2011: The Movies

I saw loads of movies this year, but most of them I don’t remember and also most of them I had seen already.  Here are a few that I saw for the first time that made an impact on me.

The King’s Speech – Everyone loved this movie, and for good reason.  It was perfectly lovely, humanizing the monarchy and helping us realize that everyone gets scared.  It’s what you do next that matters.  Additionally, Colin Firth is the man.

The Social Network – The screenplay was clever, the dialogue was quick, and everyone considered deleting their Facebook page when the credits rolled.  And then they didn’t.  Thus, the impact of The Social Network.  I also thought the movie’s trailer was exquisite.  While it didn’t tell you much about the movie itself, it highlighted a generation’s need for connection.  And made me cry.

The Thin Man – I don’t know how I could call myself a lover of old movies and never seen the Thin Man series.  Nick and Nora are wonderfully boozy and flirty, the plots are flimsy, and the dog is adorable.  What more could you want from a 30s black and white film?  Bonus: the second one has a wonderfully young Jimmy Stewart in it.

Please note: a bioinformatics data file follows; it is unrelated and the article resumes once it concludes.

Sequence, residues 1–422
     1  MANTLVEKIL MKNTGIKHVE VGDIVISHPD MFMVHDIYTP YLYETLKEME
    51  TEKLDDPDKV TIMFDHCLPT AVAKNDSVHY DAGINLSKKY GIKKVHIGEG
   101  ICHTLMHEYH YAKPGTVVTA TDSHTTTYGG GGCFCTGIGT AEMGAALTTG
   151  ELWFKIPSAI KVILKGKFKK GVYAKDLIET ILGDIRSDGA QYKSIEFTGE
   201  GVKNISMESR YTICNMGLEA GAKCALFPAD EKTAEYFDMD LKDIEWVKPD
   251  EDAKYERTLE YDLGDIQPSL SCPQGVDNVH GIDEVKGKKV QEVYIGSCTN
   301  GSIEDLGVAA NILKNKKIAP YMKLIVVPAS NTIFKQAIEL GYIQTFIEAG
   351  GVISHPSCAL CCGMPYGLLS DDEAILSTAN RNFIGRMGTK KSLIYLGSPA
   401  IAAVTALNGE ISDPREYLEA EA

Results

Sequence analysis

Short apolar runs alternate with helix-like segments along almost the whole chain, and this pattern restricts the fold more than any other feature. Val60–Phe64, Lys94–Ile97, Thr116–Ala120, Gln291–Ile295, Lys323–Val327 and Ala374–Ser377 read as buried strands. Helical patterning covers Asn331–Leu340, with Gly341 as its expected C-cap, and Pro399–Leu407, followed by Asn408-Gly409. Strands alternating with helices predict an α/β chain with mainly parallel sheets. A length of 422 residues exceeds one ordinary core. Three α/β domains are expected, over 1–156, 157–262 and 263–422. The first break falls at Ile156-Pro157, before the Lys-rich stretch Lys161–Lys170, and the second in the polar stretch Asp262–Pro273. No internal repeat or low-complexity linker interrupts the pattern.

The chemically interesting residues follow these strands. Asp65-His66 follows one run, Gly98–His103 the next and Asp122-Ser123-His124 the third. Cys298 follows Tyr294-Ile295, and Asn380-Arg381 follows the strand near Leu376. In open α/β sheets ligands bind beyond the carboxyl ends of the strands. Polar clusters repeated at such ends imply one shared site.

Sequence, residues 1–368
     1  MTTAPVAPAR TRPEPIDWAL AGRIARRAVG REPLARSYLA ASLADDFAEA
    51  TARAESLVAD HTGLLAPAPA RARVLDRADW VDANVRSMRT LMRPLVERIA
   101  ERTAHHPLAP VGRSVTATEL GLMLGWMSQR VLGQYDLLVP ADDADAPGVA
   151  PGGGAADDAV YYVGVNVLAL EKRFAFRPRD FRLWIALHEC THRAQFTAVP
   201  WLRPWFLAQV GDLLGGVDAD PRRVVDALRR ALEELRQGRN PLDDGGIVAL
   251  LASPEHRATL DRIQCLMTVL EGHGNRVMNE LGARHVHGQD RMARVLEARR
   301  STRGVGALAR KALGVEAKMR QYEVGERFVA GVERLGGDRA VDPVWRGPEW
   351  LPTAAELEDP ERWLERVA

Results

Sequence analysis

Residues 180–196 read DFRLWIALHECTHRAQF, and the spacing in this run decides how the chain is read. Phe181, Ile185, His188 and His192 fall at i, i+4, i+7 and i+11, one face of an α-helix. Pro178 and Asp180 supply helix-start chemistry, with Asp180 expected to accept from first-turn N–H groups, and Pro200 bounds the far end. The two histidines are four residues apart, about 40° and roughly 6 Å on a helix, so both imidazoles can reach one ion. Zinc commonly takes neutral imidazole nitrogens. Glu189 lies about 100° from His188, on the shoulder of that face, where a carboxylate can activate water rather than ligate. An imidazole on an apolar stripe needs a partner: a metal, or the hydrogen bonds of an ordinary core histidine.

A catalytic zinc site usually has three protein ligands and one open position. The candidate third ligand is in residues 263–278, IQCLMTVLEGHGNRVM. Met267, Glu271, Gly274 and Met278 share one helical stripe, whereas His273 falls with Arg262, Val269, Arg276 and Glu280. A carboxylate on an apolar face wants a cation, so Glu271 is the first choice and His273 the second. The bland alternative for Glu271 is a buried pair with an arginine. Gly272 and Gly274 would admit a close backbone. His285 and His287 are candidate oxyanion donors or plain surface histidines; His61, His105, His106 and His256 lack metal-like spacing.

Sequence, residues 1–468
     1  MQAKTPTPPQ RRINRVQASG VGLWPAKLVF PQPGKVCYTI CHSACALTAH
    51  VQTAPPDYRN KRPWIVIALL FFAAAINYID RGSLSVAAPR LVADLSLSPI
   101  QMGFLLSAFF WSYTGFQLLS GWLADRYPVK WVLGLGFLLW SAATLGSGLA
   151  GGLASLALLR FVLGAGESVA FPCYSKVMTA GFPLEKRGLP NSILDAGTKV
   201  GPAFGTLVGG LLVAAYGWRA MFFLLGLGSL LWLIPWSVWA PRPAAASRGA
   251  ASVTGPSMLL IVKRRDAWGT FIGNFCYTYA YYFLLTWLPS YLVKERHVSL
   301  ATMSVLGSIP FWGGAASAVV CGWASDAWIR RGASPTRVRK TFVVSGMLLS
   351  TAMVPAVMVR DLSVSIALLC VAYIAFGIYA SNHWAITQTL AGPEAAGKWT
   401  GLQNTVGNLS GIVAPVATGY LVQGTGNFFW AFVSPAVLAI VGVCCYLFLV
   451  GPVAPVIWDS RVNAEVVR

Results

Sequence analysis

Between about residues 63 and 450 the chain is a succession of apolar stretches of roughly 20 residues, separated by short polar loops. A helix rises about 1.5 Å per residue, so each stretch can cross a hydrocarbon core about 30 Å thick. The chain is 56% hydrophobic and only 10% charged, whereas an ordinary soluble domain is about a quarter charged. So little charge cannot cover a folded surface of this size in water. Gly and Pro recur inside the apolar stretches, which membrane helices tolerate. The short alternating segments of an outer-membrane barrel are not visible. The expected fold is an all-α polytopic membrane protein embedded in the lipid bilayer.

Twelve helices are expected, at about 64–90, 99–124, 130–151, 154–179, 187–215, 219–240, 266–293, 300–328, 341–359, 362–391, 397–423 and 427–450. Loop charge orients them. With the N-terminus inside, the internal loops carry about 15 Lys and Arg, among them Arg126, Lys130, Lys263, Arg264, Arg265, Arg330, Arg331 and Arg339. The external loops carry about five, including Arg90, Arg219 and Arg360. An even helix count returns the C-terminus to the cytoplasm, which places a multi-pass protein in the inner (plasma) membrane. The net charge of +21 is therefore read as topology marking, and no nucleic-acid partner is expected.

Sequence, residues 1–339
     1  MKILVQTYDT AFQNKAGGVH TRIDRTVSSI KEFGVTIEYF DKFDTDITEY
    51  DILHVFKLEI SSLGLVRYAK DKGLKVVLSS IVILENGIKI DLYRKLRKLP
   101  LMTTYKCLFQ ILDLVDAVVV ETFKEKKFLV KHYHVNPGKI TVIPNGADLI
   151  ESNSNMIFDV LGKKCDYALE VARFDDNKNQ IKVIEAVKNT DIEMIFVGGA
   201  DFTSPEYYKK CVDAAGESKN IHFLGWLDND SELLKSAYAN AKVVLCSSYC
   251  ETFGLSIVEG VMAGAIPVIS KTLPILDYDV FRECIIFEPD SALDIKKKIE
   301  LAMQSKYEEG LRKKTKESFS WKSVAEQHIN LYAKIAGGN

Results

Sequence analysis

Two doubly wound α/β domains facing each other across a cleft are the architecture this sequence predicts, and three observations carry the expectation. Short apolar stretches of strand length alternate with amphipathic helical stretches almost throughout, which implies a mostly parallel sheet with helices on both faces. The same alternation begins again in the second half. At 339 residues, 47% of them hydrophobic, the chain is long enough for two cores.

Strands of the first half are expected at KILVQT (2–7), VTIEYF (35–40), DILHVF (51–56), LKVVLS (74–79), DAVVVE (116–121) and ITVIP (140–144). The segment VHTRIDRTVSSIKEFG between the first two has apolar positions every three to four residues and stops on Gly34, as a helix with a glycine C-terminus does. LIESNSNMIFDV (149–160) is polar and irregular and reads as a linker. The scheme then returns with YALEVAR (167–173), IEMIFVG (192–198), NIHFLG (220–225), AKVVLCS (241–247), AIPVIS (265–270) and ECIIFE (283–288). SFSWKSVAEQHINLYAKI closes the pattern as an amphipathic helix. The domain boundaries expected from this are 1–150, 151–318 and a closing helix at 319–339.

Harry Potter 7, Part 2 – Duh.  Of course, I went to see the midnight showing.  It was the last Harry Potter movie, and the door closed on a major part of my childhood.  I laughed, I cried, I clapped with joy.  Good men died, but so did bad ones.  So it all worked out in the end.

50/50 – How do young people deal with a diagnosis of cancer?  It happens more often than you think.  And for someone like myself with such an intimate connection with the disease, it was affirming and touching and honest.  You can’t ask for more.  In fact, it spurred me to write these two posts, one about the disease itself and then a letter to my pediatric oncologist.

Every Austen movie known to manOh, did I mention I watched pretty much every Jane Austen movie the BBC made?  And let me tell you: there are A LOT.  They remake one nearly every year.  I can’t say they were all good, but they all made my bitter cynical heart melt…a little bit.  While Pride and Prejudice obviously was the best (again, Colin Firth wins it all), I quite enjoyed 2008’s Persuasion with Rupert Penry-Jones and Sally Hawking.

North and South – Technically a miniseries, but super long, so it counts.  Basically an Austen novel with a little more grit.  And by grit, I mean cotton factories.  I like to learn things while watching historical romances.  And by historical romances, I mean Richard Armitage.

 

What movies stuck with you in 2011?

 

Next: The Television

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